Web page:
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China shuns Christianity but dominates the market on U.S. Christmas decorations

The Capitol Christmas Tree glows from the 10,000 ultra-low wattage LED lights, after lighting ceremonies in Sacramento, Calif., Dec. 5, 2016.
The Capitol Christmas Tree glows from the 10,000 ultra-low wattage LED lights, after lighting ceremonies in Sacramento, Calif., Dec. 5, 2016. AP

Here’s something that President-elect Donald Trump won’t like: China has virtually cornered the market in Americans’ Christmas tree decorations.

The atheist Chinese government doesn’t recognize Christmas, but the country’s expanding legions of capitalists love it.

Chinese companies shipped $1.1 billion in Christmas tree ornaments to the United States in the first nine months of this year, monopolizing the entire American market in the shiny baubles.

That total accounted for 92 percent of all tree decorations imported by U.S. firms, according to the U.S. Census Bureau.

The Chinese were almost as dominant when it came to Christmas lights. Eighty-seven percent of the imported beacons were from there, worth $346 million to the vast Asian country.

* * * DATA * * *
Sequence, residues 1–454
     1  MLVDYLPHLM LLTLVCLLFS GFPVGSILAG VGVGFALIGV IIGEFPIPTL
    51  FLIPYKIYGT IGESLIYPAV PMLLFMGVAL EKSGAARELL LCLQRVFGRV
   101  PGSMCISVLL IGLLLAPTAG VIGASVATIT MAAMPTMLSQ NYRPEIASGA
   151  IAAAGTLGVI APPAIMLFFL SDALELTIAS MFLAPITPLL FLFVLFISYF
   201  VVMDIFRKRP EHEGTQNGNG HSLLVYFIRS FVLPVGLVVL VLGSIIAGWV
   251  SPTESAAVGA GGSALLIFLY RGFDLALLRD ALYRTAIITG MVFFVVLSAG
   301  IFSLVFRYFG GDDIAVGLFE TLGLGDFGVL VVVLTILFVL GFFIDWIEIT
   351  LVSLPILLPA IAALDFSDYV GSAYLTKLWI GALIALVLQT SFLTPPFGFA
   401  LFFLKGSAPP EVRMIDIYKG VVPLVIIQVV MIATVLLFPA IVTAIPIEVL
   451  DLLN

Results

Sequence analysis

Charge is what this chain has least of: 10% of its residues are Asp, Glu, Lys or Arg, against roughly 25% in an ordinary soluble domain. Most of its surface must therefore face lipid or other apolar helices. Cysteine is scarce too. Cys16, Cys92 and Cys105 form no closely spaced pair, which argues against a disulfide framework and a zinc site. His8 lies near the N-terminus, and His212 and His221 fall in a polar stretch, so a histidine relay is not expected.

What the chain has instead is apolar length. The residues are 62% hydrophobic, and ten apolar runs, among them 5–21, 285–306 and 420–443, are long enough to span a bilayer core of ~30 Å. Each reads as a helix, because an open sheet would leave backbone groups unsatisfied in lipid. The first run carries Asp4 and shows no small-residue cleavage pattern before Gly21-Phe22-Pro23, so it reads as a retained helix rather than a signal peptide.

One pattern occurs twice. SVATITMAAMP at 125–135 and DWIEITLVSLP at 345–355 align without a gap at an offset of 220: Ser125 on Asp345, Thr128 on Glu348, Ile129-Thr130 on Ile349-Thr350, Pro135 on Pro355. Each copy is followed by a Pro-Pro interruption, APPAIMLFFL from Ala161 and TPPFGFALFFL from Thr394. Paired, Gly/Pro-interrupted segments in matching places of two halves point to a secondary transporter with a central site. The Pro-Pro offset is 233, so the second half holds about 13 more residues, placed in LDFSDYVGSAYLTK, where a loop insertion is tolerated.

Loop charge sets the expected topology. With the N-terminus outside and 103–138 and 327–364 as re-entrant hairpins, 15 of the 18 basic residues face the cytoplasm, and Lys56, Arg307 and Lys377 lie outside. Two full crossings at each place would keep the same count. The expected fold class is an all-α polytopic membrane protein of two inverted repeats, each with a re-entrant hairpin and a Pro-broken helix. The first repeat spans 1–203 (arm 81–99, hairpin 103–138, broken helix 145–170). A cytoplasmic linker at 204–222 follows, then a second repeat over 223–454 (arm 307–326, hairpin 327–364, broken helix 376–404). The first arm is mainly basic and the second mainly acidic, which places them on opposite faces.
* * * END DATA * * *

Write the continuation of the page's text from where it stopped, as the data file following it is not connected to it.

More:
Trump made U.S.-China trade a focus of his campaign, accusing Beijing of employing devaluation and other unfair tactics at the expense of American companies.

“China is responsible for nearly half of our entire trade deficit,” Trump said in August in a major economic speech in Detroit. “They break the rules in every way imaginable.”

Chinese imports accounted for about $350 billion of the United States’ $800 billion global trade deficit last year.

With deficits falling this year, the U.S.-Chinese share has grown: The trade gap with China was just shy of $290 billion through October, almost three-quarters of the overall $410 billion deficit.

Despite China’s official aversion to Christmas, a small but growing number of Chinese, especially better-educated young people in big cities, exchange gifts and decorate their homes.

Government statistics peg the number of Christians at 28 million, about 2 percent of China’s 1.4 billion people, but the actual figure is believed to be at least twice as large.

The government has waged a crackdown on China’s unregistered “house churches,” according to the Washington Post, interrogating pastors, shadowing believers and tearing down crosses.

While the Chinese Constitution grants “freedom of religious belief,” the government steers people to state-run churches where sermons focus more on the grandeur of the Communist Party than on the glory of Christ.

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